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, 9 (1), e85417
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Eight New Genomes and Synthetic Controls Increase the Accessibility of Rapid melt-MAMA SNP Typing of Coxiella Burnetii

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Eight New Genomes and Synthetic Controls Increase the Accessibility of Rapid melt-MAMA SNP Typing of Coxiella Burnetii

Edvin Karlsson et al. PLoS One.

Abstract

The case rate of Q fever in Europe has increased dramatically in recent years, mainly because of an epidemic in the Netherlands in 2009. Consequently, there is a need for more extensive genetic characterization of the disease agent Coxiella burnetii in order to better understand the epidemiology and spread of this disease. Genome reference data are essential for this purpose, but only thirteen genome sequences are currently available. Current methods for typing C. burnetii are criticized for having problems in comparing results across laboratories, require the use of genomic control DNA, and/or rely on markers in highly variable regions. We developed in this work a method for single nucleotide polymorphism (SNP) typing of C. burnetii isolates and tissue samples based on new assays targeting ten phylogenetically stable synonymous canonical SNPs (canSNPs). These canSNPs represent previously known phylogenetic branches and were here identified from sequence comparisons of twenty-one C. burnetii genomes, eight of which were sequenced in this work. Importantly, synthetic control templates were developed, to make the method useful to laboratories lacking genomic control DNA. An analysis of twenty-one C. burnetii genomes confirmed that the species exhibits high sequence identity. Most of its SNPs (7,493/7,559 shared by >1 genome) follow a clonal inheritance pattern and are therefore stable phylogenetic typing markers. The assays were validated using twenty-six genetically diverse C. burnetii isolates and three tissue samples from small ruminants infected during the epidemic in the Netherlands. Each sample was assigned to a clade. Synthetic controls (vector and PCR amplified) gave identical results compared to the corresponding genomic controls and are viable alternatives to genomic DNA. The results from the described method indicate that it could be useful for cheap and rapid disease source tracking at non-specialized laboratories, which requires accurate genotyping, assay accessibility and inter-laboratory comparisons.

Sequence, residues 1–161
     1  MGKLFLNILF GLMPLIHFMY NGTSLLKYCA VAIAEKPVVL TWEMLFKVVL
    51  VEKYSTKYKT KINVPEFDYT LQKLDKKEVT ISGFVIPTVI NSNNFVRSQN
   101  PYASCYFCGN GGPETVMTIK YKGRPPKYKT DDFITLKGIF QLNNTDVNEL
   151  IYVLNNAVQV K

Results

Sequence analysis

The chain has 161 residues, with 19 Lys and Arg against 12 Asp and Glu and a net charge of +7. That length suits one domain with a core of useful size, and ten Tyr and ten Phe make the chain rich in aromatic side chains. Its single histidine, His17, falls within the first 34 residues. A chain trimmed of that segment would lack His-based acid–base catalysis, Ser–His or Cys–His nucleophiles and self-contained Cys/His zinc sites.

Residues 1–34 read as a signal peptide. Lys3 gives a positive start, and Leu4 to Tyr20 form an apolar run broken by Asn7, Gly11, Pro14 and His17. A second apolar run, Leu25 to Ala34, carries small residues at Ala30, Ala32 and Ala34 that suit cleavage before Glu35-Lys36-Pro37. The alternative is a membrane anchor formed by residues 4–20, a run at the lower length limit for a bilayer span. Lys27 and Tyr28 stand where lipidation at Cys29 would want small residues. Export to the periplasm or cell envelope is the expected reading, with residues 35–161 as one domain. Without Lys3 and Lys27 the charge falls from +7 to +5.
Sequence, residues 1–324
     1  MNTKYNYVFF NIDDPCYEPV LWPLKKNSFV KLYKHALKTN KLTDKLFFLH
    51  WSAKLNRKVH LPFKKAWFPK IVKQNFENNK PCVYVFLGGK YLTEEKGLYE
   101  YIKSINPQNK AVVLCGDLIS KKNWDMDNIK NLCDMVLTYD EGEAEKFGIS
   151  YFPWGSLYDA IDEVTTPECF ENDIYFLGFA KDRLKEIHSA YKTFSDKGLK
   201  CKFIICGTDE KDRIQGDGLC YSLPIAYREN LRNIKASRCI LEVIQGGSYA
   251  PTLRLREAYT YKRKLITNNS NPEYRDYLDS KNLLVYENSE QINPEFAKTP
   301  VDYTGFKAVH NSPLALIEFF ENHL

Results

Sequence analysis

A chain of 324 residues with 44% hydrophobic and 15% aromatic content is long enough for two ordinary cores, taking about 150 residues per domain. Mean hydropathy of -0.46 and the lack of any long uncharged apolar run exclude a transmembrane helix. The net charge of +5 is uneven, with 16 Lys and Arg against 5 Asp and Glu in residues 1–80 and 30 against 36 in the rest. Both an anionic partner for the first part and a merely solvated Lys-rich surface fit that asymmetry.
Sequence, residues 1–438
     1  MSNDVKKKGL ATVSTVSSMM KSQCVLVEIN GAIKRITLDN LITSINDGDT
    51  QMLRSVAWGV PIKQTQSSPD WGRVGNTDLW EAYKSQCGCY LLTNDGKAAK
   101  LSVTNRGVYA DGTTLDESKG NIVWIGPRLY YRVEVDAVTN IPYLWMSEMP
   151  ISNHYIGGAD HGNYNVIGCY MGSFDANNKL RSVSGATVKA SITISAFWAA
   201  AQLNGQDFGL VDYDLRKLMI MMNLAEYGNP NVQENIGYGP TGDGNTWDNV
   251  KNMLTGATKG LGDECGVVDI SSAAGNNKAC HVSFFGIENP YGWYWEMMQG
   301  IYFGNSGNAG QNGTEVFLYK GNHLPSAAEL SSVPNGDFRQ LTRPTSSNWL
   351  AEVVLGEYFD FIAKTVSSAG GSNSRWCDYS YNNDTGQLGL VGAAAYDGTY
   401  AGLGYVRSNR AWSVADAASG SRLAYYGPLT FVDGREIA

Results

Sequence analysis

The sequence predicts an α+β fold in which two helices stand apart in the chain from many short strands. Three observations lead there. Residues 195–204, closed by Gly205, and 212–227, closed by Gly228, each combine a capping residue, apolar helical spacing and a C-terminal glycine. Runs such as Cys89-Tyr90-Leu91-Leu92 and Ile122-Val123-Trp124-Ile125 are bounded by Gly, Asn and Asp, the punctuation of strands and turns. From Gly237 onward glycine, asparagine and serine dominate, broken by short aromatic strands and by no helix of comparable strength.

Conflict of interest statement

Competing Interests: The authors have declared that no competing interests exist.

Figures

Figure 1
Figure 1. Phylogenetic tree.
Branch lengths are proportional to the total number of SNPs, which are indicated above or below the branches. Genomes sequenced in this study are in bold face. The genomic groups (I–VII) and plasmid types are denoted as described , , . CanSNP markers are depicted in red (C.1–C.15) and the corresponding MST markers are depicted in grey. The genomes Cb109, Cb175 and Z3055 became available after the time of assay design resulting in four new branches (C.12 to C.15). Although not included in this work, it demonstrates that the systematics of canSNPs easily can be extended when new genomes become available. The ancestral and derived state for C.1 and C.2 could not be determined due to the lack of sequence from a near neighbor (a root). Therefore, we could only design one assay C.1 that could be on either the C.1 or C.2 branches.
Figure 2
Figure 2. Synthetic vector controls.
Two control sequences with ancestral or derived SNP alleles for ten synonymous SNP markers (C.1 to C.11) were synthesized and cloned into the standard vector pEX-A (Fig. S2). Primer binding sites are marked in red, with the SNP states for the markers shown above them.

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References

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Publication types

Grant support

This work was performed under the auspices of the Coxiella Genome Sequencing Consortium (CGSC) (http://coxiella.net) and was funded by the Swedish Ministry of Defence and the German Bundeswehr as a part of the European Biodefense Laboratory Network (EBLN).The funders had no role in study design, data collection and analysis, decision to publish, or preparation of the manuscript.
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